Sunday, April 21, 2013

Welcome back Gnome 3 - maybe

Linux users have a choice of desktop environment. This is a good thing.

Is Gnome dead? I don't think so.

There are 5 or so major desktop environment I could name, some of which will improve, some will take a wrong turn, some will see a resurgence.

Windows 8 was a mistake? This debate is still raging. One argument is that major change in user interaction produces a period of 18 months of rage, followed by reluctant acceptance.
Personally I don't like Windows, but for those folks who feel that they have not got a choice, it will probably be tweaked, then eventually accepted.

Gnome 3 was a mistake? Well it led to Ubuntu ditching it as their default desktop, but hey maybe Ubuntu might have done that if they had hooked into KDE or Xfce, and those desktops then introduced major changes.
Result: Unity is now another alternative in the desktop stakes. Love it or hate it, another desktop choice may be a good thing folks.

Xfce - The Challenges:

Xfce 4.8 is a great desktop. In fact, both Xfce 4.6 and Xfce 4.8 have been (and currently are) my desktop of choice.

However being a preferred desktop one year, does not guarantee that you will be a given users favourite next year.

Some of this churn is natural, folks use your desktop, then a year or two later, they hanker after something else. Maybe they read a great blog article and wanted to try that desktop shown.

Some things are down to the choices the project makes also.

Gnome 3 bad choice - showing a leaning towards including Mono based apps and widgets in the wider Gnome desktop ecosystem. Was this an attempt to poison Gnome instigated from outside or by some misguided developers - who knows.

Gnome 3 major change - The 'everything is a widget' thinking had already been tried by KDE.

Here are my thoughts:
  • Gnome despite benefiting (during Gnome 2) from the resistance that KDE 'everything is a widget' changes created, appear to have believed that their own planned changes would meet with less resistance.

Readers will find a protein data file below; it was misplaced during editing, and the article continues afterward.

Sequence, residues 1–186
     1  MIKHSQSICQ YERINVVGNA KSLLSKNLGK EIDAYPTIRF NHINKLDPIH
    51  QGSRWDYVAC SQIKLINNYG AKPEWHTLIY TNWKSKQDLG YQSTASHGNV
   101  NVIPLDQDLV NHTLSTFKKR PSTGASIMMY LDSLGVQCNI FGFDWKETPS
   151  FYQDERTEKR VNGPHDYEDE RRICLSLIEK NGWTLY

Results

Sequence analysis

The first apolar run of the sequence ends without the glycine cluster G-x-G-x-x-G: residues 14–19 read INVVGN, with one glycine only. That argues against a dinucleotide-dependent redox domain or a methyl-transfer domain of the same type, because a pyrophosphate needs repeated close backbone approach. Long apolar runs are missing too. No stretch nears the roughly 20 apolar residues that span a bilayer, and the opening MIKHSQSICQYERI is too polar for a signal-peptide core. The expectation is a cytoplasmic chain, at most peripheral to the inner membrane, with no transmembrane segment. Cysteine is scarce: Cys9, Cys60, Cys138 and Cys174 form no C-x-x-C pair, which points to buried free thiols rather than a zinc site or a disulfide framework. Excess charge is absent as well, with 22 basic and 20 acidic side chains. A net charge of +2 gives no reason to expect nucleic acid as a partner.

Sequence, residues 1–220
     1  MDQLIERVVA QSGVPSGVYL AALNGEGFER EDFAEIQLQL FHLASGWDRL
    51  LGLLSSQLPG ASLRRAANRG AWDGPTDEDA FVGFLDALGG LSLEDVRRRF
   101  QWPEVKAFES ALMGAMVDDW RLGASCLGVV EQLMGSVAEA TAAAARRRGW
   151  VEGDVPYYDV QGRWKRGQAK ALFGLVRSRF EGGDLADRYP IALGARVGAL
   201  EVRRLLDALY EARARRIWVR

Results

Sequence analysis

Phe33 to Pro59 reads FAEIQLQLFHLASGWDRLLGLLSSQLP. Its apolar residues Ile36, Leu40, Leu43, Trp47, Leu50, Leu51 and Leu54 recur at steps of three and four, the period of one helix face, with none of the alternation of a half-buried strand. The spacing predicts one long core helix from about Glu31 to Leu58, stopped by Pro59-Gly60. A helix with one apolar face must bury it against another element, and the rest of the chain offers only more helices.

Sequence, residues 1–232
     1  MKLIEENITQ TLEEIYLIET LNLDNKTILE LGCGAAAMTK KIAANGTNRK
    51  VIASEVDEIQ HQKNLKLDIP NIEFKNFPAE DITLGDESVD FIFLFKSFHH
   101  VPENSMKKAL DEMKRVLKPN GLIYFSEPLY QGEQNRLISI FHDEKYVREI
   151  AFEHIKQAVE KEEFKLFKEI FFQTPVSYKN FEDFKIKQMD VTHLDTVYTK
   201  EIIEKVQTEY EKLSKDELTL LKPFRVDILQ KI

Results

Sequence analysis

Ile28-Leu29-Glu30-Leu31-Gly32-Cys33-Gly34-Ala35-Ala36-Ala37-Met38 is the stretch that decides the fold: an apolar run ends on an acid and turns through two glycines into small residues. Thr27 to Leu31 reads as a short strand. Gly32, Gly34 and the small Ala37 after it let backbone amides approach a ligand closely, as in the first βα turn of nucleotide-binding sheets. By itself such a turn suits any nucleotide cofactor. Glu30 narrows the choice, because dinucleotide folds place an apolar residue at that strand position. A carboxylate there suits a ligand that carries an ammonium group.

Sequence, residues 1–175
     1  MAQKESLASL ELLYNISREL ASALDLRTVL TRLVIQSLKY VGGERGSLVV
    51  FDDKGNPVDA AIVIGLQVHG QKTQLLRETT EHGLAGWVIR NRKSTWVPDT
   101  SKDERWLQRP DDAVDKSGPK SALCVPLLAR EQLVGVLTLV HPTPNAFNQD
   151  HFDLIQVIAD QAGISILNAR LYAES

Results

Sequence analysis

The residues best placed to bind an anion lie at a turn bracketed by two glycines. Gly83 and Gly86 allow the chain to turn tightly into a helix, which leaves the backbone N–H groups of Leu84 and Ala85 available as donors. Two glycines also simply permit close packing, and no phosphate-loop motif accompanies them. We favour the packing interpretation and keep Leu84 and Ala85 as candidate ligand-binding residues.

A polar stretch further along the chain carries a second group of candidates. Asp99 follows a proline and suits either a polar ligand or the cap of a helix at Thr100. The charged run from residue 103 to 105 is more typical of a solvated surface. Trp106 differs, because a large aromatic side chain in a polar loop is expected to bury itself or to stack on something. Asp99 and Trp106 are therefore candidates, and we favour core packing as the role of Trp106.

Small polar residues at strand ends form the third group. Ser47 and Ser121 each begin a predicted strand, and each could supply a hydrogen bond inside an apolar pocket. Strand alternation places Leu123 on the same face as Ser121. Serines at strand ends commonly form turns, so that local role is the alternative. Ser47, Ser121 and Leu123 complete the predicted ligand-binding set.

• Gnome failed to appreciate the scale of the task in moving to this new model, and did not put enough focus on implementation tasks, such as easing migration, and some aspects of what the user considers 'core functionality' - settings, controls, whatever.
Will Xfce 5 be any different?

Probably not. Despite the very visible lessons in the past 10 years provided by KDE and now by Gnome, it seems that many desktop environments just cannot help losing their way.

And this is why I will probably switch back to Gnome once Gnome 3.8 is available in Debian Stable.
If Xfce does not disappear up its own backside, then it might not be a clear cut decision, but those are my thoughts today.

Xfce and new developers - good and bad:

Xfce needs to grow beyond the two or three core developers who, I suspect, currently do the majority of the work.

However this is a double edged sword.

Gnome and the Mono debacle was probably the results of new developers coming onboard, and a lack of clarity around 'free software' ethos.

( The free software battle has moved beyond individual software programs, and now consideration must be given to ecosystems, services, and add ons also. Does making a C sharp based add on to a free desktop make it more free or less free - you decide. )

  • Will Xfce have its own Mono moment? Maybe
  • Will Xfce disappear up its own backside regarding fonts, at the expense of flexibility in window manager settings and the basics - Probably.
  • Will proprietary software exponents attempt to influence the choices of the Xfce project against a free software ethos. If Xfce becomes big enough, almost certainly.
But it is not all doom, these are just some of the challenges.
Xfce might come through them all unscathed.

A good start for the Xfce project might be to think about the dogfood principle.
Are the new developers on the project using Xfce themselves actively on their own daily desktop?

If not why not - do they not think it is good enough? or are they just on your project as a temporary CV enhancing placement? Do they have motives which you should take the time to understand more clearly - what gives?

Have developers ever joined a project with the express intention of changing its direction or worse to severely weaken it? Almost certainly.

( The free software ecosystem has and continues to be seen as a potential threat to multi-billion dollar corporates. There are, I am sure, a small number of developers for hire, who might just be willing to act as agents in damaging free software )

Do the new developers want to help the project, but also help keep the code free to modify, for anybody except patent aggressors?

Gnome 3.8 and why it will probably be my choice in Debian 8 Jessie:

Bending the Nietzsche phrase a lot...

"What does not kill you, might visit your neighbour or competitor next"

Gnome 3 has had a difficult birth, but my feeling is, that it has now overcome two major challenges, and it will gain traction.
( especially in 2015 when 3.8 is in Debian stable. )

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